When we left James Roland around this time last year, he was doing well with his new creation, a black doll called "Sugar Pudd'n," which looked like him. As you may recall, Roland had been laid off from his federal government job and was trying to make it as an entrepreneur in Washington.

It is with good cheer that I report that Roland is doing even better this year, having expanded his doll market globally. But this is not to say that it has been all smooth sailing.

At 37, he has learned that getting a business started was just the start of his problems. Consider these developments:

First came the telephone calls from investors, some of them shysters, who had little or, more often, no money. Then came the Wall Street types, urging him to go public with his company called Mind Designs. He could be chairman, they said, and they would be president, which sounded good until he learned that the chairman would have no power.

Roland wanted to expand, believing that there is no standing still in capitalism. And wouldn't you know it: A real live offer on a $500,000 deal came his way. The only problem was that it was from South Africa. Oh, woe with Roland. He wanted that money so bad.

Why, he struggled for a reason to accept the deal, should black children be killed with white dolls in their hands? But his friends warned him that if he took that blood money he could kiss his black American market goodbye.

Roland conceded: Win some, lose some.

Maybe, he figured, the District government would reward him for such a magnanimous sacrifice and cut him a special deal through the Office of Business and Economic Development. Several months, and several boxes of bureaucratic forms, later, the answer arrived: no.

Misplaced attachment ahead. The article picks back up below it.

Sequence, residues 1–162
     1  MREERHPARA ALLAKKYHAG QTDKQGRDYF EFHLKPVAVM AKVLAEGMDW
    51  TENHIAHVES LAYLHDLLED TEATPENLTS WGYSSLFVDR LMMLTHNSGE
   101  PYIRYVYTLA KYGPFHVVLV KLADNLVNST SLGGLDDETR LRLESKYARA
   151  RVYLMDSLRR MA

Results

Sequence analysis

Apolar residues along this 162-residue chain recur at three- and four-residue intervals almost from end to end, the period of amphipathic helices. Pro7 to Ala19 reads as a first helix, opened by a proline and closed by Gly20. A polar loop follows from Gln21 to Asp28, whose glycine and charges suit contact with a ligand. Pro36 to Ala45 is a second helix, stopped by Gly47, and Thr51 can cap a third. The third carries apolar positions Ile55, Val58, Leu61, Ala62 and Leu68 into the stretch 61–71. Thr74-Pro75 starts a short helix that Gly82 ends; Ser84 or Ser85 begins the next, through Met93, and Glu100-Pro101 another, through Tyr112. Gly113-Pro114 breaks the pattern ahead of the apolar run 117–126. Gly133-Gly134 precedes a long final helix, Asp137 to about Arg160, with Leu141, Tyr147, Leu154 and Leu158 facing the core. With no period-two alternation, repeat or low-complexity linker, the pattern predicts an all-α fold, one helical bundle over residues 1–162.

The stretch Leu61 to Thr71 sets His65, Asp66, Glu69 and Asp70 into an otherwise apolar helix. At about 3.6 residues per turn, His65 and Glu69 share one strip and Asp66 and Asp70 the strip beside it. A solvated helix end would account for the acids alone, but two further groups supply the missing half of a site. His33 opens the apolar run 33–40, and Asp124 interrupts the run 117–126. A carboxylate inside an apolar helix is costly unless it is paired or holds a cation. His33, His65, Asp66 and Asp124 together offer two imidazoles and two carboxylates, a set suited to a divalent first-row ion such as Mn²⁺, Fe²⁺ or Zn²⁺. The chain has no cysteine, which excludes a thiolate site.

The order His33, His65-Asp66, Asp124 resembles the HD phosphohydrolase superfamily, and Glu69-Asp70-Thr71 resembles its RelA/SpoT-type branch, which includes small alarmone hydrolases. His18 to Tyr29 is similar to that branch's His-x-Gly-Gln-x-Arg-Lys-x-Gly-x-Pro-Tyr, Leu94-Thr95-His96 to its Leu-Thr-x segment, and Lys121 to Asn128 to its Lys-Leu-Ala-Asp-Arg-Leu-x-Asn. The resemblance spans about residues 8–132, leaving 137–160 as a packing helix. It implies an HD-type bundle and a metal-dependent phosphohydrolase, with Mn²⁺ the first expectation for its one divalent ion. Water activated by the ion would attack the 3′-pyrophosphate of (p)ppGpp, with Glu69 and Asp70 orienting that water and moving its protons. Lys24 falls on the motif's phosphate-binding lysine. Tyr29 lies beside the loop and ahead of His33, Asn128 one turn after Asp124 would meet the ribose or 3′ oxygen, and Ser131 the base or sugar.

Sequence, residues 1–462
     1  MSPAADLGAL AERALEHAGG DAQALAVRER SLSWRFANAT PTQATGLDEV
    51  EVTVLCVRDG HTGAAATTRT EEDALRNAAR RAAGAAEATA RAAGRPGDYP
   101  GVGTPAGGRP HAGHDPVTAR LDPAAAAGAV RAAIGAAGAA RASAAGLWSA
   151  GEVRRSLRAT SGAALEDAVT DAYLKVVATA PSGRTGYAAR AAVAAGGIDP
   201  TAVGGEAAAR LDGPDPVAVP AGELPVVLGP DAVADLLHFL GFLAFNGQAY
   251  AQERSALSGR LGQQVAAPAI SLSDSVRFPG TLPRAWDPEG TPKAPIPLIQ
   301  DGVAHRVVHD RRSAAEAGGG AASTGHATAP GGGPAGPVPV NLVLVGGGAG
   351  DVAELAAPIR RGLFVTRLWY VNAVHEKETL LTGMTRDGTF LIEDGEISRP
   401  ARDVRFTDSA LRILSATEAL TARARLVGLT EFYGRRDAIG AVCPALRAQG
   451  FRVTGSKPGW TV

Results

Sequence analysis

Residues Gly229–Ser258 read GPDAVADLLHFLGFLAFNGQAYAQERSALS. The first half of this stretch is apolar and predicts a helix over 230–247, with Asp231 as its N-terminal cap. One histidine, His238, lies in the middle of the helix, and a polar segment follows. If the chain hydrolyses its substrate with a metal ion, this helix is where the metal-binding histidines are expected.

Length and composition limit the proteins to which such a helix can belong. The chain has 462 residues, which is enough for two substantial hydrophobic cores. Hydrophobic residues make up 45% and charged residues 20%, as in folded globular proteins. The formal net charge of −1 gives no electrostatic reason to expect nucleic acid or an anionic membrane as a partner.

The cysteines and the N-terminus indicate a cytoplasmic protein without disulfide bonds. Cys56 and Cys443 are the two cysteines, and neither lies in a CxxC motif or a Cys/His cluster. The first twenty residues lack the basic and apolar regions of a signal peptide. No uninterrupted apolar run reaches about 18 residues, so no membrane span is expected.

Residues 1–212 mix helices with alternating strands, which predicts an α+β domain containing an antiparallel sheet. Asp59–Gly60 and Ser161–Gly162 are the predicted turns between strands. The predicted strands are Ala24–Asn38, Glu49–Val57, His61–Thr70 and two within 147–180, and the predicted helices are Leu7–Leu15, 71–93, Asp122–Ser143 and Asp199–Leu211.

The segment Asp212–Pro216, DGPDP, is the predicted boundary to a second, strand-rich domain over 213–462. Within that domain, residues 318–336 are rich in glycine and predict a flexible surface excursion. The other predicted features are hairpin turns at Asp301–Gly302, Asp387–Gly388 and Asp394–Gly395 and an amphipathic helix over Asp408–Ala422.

But Roland continued to use his creative skills and instead of sulking developed a new line of products, such as "the tennis ball belt," which holds six tennis balls, a Redskins "hog caller" whistle and a series of sports clocks, which feature balls from each sport with the face of a clock on which a sportsman figure either kicks, bats or shoots a ball from one number to the next until the clock's alarm sounds -- or in this case, applauds.

But then came the shock of his life: Two researchers from Hofstra University had updated Kenneth Clark's landmark 1947 study and showed black children still preferred white dolls. As a result, some retail toy store owners were openly debating where to stop selling black dolls.

The researchers had asked 412 children -- 296 blacks and 116 whites -- to choose between a black and a white Cabbage Patch doll. Because 65 percent of the children picked the white Cabbage Patch doll, that was supposed to be proof that black children preferred white dolls.

Roland put his other ideas on hold as he set out to save Sugar Pudd'n. That doll was too dear to him, having been conceived two years ago for his 9-year-old goddaughter.

Roland began hitting the international trade shows, demonstrating how the dolls could be made to wear clothes from different countries and be just as popular -- as a black doll.

He showed toy store retailers his sales figures in Georgia, where Sugar Pudd'n dolls were being snatched up like hot cats in the black community. Soon, deals were struck with outlets in the Caribbean and the United Kingdom, which has a large West Indian population.

Locally, the Sun Gallery in Adams-Morgan and the Union Temple Baptist Church in Southeast Washington registered steady sales of Sugar Pudd'n dolls. In all, it was enough for Roland to keep his business ties with K mart and the king of toy stores, Toys "R" Us.

Roland breathed a sigh of relief. To be sure, he was still looking for capital to expand his business. He is sure that his sports clock creation will one day "be in every kid's bedroom and in every bar in the country."

But for now he was content to savor the moral of his business story so far: It's not enough just to get a business off the ground. Indeed, it takes even more work to keep it airborne.